Airline passengers are facing higher costs because of European Union plans to include international aviation in its emissions trading scheme, says Air New Zealand.

The airline said it was disappointed by the decision of the EU's Court of Justice to uphold plans to include international aviation in the scheme from next year.

"Similar to the recently increased UK departure tax, higher costs due to the EU [emissions trading scheme] will need to be passed on to passengers and will be advised in due course," the airline said.

The British Government is increasing air passenger duty in April from £85 to £92 ($172 to $186) per passenger coming to New Zealand.

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Tourism Industry Association chief executive Tim Cossar had said the latest rise in departure tax meant a family of four would pay more than $736 in taxes just to leave the country and would price more potential visitors to New Zealand out of the market. United Continental Holdings, American Airlines and the Air Transport Association of America challenged the EU's attempt to extend the world's largest carbon cap-and-trade programme beyond its borders. The Luxembourg-based court's ruling, which can't be appealed, means the rules will be imposed on any flights to and from EU airports starting next year.

The United States House of Representatives passed a bill this year prohibiting the country's airlines from participating in the EU programme after the industry estimated the cap-and-trade system would cost US airlines US$3.1 billion ($4 billion) from 2012 to 2020.

That measure needs backing from the Senate and President Barack Obama to become law.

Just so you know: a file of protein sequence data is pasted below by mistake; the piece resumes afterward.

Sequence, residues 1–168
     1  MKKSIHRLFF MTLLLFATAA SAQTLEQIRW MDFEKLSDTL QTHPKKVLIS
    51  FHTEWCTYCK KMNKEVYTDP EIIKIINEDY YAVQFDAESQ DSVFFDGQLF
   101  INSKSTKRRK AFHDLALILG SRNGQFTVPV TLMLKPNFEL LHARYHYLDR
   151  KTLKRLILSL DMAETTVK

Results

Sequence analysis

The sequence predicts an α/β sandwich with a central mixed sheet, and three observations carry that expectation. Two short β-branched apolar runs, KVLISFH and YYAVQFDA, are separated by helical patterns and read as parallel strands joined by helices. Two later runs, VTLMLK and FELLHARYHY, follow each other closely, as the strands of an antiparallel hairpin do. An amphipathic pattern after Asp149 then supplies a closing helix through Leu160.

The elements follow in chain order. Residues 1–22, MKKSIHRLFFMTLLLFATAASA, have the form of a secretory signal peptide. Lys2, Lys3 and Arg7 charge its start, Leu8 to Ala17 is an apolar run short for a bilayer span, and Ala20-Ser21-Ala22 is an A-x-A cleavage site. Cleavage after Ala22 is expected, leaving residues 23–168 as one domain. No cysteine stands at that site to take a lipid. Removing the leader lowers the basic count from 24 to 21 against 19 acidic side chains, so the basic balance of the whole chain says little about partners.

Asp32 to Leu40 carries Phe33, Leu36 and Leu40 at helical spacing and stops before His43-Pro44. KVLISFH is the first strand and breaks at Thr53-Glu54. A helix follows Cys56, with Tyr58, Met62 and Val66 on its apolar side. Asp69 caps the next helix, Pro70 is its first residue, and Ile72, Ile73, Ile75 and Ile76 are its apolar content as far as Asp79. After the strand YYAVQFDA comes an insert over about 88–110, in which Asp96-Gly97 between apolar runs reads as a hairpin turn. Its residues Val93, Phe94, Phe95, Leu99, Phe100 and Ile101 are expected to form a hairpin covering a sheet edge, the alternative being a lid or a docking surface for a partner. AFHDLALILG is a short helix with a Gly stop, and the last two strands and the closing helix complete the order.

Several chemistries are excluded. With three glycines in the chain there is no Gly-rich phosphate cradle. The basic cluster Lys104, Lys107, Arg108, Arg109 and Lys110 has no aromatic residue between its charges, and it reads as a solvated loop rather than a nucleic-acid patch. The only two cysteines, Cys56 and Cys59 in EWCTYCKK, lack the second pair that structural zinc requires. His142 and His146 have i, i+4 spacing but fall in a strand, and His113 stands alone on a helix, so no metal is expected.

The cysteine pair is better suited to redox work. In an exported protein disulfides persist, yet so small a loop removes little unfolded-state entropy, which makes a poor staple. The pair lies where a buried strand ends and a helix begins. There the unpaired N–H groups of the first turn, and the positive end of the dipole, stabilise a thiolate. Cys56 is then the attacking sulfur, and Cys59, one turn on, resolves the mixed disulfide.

Fitch Ratings said it expected the ruling by the European Court of Justice to pave the way for a broadening international trade dispute over access to the EU aviation market.

"We believe threats of trade retaliation over the EU's cap-and-trade system will pose growing threats to aviation market access in both developed and emerging markets next year," Fitch said. "Retaliation may be largely rhetorical in the early stages, but an absence of progress next year may trigger protectionist responses especially from emerging-market governments."

The International Air Transport Association (Iata) said the success of Europe's plans would depend on how non-European states viewed its legal and political acceptability. "In this respect, there is growing global opposition," Iata said. India was reported to have instructed its airlines not to comply and legal challenges were expected, Iata said.

"[Today's decision] does not bring us any closer to a much-needed global approach to economic measures to account for aviation's international emissions."

- Additional reporting Bloomberg

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